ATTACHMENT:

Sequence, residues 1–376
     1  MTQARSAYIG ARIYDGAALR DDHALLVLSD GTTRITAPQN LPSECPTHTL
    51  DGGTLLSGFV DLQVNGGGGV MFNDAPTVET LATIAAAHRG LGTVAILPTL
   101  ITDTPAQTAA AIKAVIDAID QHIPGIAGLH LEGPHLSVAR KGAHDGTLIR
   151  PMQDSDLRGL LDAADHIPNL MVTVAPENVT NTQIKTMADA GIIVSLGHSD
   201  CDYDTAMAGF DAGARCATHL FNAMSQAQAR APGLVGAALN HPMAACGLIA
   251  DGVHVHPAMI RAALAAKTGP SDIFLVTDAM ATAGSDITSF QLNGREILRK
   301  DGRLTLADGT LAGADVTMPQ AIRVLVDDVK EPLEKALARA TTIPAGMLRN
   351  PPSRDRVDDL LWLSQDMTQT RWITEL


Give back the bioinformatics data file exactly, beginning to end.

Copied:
Sequence, residues 1–376
     1  MTQARSAYIG ARIYDGAALR DDHALLVLSD GTTRITAPQN LPSECPTHTL
    51  DGGTLLSGFV DLQVNGGGGV MFNDAPTVET LATIAAAHRG LGTVAILPTL
   101  ITDTPAQTAA AIKAVIDAID QHIPGIAGLH LEGPHLSVAR KGAHDGTLIR
   151  PMQDSDLRGL LDAADHIPNL MVTVAPENVT NTQIKTMADA GIIVSLGHSD
   201  CDYDTAMAGF DAGARCATHL FNAMSQAQAR APGLVGAALN HPMAACGLIA
   251  DGVHVHPAMI RAALAAKTGP SDIFLVTDAM ATAGSDITSF QLNGREILRK
   301  DGRLTLADGT LAGADVTMPQ AIRVLVDDVK EPLEKALARA TTIPAGMLRN
   351  PPSRDRVDDL LWLSQDMTQT RWITEL